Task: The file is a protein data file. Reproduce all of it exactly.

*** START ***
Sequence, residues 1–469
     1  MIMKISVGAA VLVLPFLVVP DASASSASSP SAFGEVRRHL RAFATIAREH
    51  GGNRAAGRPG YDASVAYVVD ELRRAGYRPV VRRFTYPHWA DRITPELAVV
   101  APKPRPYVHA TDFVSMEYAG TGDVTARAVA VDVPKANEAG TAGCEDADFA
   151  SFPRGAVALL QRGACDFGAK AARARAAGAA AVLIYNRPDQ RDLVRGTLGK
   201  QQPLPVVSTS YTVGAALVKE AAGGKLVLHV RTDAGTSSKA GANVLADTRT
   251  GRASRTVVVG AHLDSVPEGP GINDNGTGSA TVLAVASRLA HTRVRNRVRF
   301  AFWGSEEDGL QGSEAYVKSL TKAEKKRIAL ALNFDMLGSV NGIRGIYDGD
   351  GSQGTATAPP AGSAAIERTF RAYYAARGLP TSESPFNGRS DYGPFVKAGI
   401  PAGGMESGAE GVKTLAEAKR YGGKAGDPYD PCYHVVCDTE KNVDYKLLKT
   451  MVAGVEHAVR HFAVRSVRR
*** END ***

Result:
Sequence, residues 1–469
     1  MIMKISVGAA VLVLPFLVVP DASASSASSP SAFGEVRRHL RAFATIAREH
    51  GGNRAAGRPG YDASVAYVVD ELRRAGYRPV VRRFTYPHWA DRITPELAVV
   101  APKPRPYVHA TDFVSMEYAG TGDVTARAVA VDVPKANEAG TAGCEDADFA
   151  SFPRGAVALL QRGACDFGAK AARARAAGAA AVLIYNRPDQ RDLVRGTLGK
   201  QQPLPVVSTS YTVGAALVKE AAGGKLVLHV RTDAGTSSKA GANVLADTRT
   251  GRASRTVVVG AHLDSVPEGP GINDNGTGSA TVLAVASRLA HTRVRNRVRF
   301  AFWGSEEDGL QGSEAYVKSL TKAEKKRIAL ALNFDMLGSV NGIRGIYDGD
   351  GSQGTATAPP AGSAAIERTF RAYYAARGLP TSESPFNGRS DYGPFVKAGI
   401  PAGGMESGAE GVKTLAEAKR YGGKAGDPYD PCYHVVCDTE KNVDYKLLKT
   451  MVAGVEHAVR HFAVRSVRR